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Artist-Writer-Artist: A Future Book Introduction (ii)

Part 2

At the end of part 1, I wrote about my novel being taken on by a London literary agent, and I ended with the question: "So where did it all go wrong?"

There are two reasons, I think. One: I didn’t revise enough. Living as I do with a teacher of creative writing, who revises her stories many times, sometimes over a period of years, I realize now that I fell prey to the illusion that one or two edits was enough. Two: I didn’t try hard enough. Ms. Clarke pushed the manuscript, and apparently it came close to being published at one point, but eventually she returned it, while leaving the door open to future submissions of new work. I did indeed write a second novel, but that got rejected too. At that point, I decided that maybe I was a writer, but just not quite good enough of a writer to actually get anything published. Three: I got accepted to a Master’s program at an art college.
Let’s go back in time again, to those teenage years. I was a precocious kid, and in addition to developing a love of reading and of writing about reading, I had a talent for drawing and painting. My art teacher at that Catholic school was grooming me to apply to London art schools. Of course, there was no guarantee that I would have been accepted. But when my English teacher told me that he would work with me and get me into Cambridge, he seemed so certain (he was as good as his word, too), and his offer also chimed in with my James Joyce/writing life fantasy, so I chose the literary path instead of the visual art path. All through my time at Cambridge, I attended life drawing classes, to keep my hand and eye in shape, as it were. After college, I continued attending life classes, and painting in a studio in the house that I was renting. I even had shows in small spaces in provincial English towns. Nothing sufficiently original to excite the art world, but enough to get me into the art college that I applied for, just on a whim, during the year that I was waiting for a final decision on the manuscript.
From this moment, when people asked me at parties, “So what do you do?”, I replied, “Artist.” Since I graduated from art college, my art career, such as it is, has been firmly within the realm of expression through the tactile and the visual. Paintings, prints, installations, books. Ah yes, books. If people really pressed me hard, I might tell them about my past ambition to be a writer — you know, a real writer, with books and everything. But I preferred to talk about what I had done in the visual arts since the mid-nineties. I only reconsidered this a few years ago when someone pointed out to me that my work had a strong narrative element that never quite went away no matter how ‘abstract’ I thought I was being. I resisted this at first, because I was still influenced by the anti-narrative bias of my art college years. The idea of narrative content in art was deeply despised by teachers and students alike, and I largely accepted this orthodoxy, and succumbed to the belief that art had to have meaning and relevance to contemporary society and certain big ideas, and never stray over the line into the ‘lower realm’ of mere ‘illustration’. I guess we were all afraid we would end up making Norman Rockwell paintings. But in the end – specifically, about six years ago – I began to investigate more deeply this narrative element in my work. How was it there? How did it manifest itself? If I felt the need to tell stories, how best to represent them? In words, or visually? A combination of both? How far to go in the telling: more toward events, or more towards suggestion?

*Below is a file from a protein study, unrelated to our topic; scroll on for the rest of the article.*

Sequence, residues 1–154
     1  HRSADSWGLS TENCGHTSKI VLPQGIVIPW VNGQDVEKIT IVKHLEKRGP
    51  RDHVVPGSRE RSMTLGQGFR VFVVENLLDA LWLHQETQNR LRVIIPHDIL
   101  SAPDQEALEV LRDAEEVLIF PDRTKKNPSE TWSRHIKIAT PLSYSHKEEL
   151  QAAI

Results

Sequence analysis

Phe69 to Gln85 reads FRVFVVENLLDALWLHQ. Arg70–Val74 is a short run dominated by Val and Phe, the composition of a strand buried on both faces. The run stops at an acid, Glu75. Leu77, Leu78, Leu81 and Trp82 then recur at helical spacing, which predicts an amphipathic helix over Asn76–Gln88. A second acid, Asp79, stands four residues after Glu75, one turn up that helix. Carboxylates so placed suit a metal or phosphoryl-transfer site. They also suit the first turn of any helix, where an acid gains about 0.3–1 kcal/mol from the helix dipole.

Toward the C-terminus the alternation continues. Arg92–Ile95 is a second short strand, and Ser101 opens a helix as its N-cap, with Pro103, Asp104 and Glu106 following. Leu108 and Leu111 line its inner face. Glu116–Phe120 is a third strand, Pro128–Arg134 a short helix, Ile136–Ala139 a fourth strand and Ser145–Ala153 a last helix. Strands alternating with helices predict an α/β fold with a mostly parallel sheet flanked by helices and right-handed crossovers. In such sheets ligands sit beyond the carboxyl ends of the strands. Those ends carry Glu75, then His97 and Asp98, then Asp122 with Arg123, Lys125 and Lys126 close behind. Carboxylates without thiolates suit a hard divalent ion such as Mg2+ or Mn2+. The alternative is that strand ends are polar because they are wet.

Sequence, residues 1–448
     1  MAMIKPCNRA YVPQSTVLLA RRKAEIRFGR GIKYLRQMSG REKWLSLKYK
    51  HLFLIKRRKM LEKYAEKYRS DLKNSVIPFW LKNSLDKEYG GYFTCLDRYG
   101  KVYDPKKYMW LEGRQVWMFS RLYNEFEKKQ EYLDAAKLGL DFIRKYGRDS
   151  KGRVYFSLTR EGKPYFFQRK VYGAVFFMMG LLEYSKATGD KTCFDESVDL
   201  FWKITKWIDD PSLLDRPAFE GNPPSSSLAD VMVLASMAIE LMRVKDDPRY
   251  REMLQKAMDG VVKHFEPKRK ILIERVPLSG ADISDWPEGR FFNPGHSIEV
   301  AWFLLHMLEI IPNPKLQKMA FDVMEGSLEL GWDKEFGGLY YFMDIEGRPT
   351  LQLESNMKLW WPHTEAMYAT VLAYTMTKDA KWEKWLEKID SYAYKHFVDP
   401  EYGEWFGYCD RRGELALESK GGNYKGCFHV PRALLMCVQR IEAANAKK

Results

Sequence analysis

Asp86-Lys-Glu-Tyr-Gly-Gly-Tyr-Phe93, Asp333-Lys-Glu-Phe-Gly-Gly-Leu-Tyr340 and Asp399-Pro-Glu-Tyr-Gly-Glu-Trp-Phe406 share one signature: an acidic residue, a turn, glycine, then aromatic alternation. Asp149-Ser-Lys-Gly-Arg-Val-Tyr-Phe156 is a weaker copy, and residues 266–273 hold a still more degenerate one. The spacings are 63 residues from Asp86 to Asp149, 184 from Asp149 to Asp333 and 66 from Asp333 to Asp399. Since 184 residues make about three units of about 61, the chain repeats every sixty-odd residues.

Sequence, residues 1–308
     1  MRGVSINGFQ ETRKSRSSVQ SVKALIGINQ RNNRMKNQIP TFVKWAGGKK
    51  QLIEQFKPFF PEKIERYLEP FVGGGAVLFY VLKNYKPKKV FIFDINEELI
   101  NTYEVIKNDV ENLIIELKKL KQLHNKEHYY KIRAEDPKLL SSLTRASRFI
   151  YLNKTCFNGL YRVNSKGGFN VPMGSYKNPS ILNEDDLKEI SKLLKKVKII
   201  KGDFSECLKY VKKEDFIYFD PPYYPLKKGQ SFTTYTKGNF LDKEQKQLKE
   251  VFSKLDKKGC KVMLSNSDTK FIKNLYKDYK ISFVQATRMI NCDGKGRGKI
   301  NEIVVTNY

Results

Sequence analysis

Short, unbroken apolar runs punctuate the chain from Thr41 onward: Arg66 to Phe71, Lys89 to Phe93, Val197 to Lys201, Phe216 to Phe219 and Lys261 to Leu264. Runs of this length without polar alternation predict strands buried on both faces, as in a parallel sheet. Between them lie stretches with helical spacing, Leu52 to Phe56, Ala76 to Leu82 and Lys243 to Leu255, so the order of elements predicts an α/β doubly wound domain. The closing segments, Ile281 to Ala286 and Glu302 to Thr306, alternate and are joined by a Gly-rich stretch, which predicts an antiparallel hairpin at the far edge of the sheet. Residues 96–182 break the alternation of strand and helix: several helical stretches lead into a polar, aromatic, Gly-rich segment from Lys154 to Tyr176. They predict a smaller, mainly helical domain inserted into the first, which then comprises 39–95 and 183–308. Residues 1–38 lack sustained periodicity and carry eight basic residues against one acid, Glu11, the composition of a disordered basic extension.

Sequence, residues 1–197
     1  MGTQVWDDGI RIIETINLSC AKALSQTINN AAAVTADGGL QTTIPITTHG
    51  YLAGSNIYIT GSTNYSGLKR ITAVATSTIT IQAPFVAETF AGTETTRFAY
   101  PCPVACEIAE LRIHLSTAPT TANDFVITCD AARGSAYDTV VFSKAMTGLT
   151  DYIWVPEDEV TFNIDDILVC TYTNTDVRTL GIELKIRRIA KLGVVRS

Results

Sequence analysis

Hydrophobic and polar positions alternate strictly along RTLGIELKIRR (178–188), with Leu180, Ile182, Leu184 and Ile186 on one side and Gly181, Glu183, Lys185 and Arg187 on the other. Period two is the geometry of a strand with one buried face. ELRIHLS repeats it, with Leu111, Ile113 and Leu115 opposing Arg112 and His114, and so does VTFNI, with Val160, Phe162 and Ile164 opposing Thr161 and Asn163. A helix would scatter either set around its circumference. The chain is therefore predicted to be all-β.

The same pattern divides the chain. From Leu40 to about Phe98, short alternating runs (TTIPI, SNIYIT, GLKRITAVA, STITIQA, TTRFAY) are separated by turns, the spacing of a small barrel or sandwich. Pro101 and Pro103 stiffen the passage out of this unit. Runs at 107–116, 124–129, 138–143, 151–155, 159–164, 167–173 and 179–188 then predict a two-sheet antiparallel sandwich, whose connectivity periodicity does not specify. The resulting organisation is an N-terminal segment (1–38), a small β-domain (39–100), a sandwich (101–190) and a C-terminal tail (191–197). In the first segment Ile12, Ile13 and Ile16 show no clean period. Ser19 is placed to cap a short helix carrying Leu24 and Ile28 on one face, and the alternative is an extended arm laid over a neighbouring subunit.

So it is that I have arrived at this point. I know I will not be the new James Joyce, nor will I publish works of fiction that are admired for their linguistic felicity and that win prizes. I know greatly talented writers, prize-winning authors. I’m married to one of them. I know that they can do things that I will never be able to do. But my dual track creative life, my perhaps 70/30 split of the visual and the written, has led me to much of what concerns me both creatively and professionally today. I feel qualified to co-teach classes at Columbia College Chicago that are mainly attended by fiction writing students, classes in which we explore story and scene in drawing and writing. (This semester I am teaching the same class with students in the Film and Video department, too, as a fresh way for them to approach story in their work).
Writing this blog almost every day is a way to write, too, at least an outlet for the words, a place for the words to go. And it’s because I have had this experience of working for prolonged stretches of time with both words and with pictures that I am now exploring, in the Artist-Writer-Artist series, how other practitioners do both, how they reflect on the commonalities between these apparently very different creative acts. I undertake these interviews because I’ve always loved hearing artists talk about their art. I am also aware of something that I heard one of my colleagues in the fiction writing department say: that when we ask other writers questions about their work, we should keep in mind how those questions might be asked of our own work. So bear that in mind if you’re reading these interviews and essays: when I ask the questions, I am also partly addressing them to myself.

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